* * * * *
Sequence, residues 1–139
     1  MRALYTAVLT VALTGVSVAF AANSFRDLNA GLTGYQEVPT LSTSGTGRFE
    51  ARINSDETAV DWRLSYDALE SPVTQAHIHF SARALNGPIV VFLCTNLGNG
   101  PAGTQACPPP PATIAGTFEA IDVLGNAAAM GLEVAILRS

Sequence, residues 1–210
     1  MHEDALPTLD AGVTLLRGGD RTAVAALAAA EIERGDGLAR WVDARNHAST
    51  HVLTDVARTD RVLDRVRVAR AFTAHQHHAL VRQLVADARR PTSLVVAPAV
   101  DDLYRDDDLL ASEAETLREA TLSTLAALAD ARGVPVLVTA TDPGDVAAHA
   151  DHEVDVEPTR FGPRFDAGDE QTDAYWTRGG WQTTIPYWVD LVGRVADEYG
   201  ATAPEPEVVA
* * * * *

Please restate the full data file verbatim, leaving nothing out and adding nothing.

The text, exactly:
Sequence, residues 1–139
     1  MRALYTAVLT VALTGVSVAF AANSFRDLNA GLTGYQEVPT LSTSGTGRFE
    51  ARINSDETAV DWRLSYDALE SPVTQAHIHF SARALNGPIV VFLCTNLGNG
   101  PAGTQACPPP PATIAGTFEA IDVLGNAAAM GLEVAILRS

Sequence, residues 1–210
     1  MHEDALPTLD AGVTLLRGGD RTAVAALAAA EIERGDGLAR WVDARNHAST
    51  HVLTDVARTD RVLDRVRVAR AFTAHQHHAL VRQLVADARR PTSLVVAPAV
   101  DDLYRDDDLL ASEAETLREA TLSTLAALAD ARGVPVLVTA TDPGDVAAHA
   151  DHEVDVEPTR FGPRFDAGDE QTDAYWTRGG WQTTIPYWVD LVGRVADEYG
   201  ATAPEPEVVA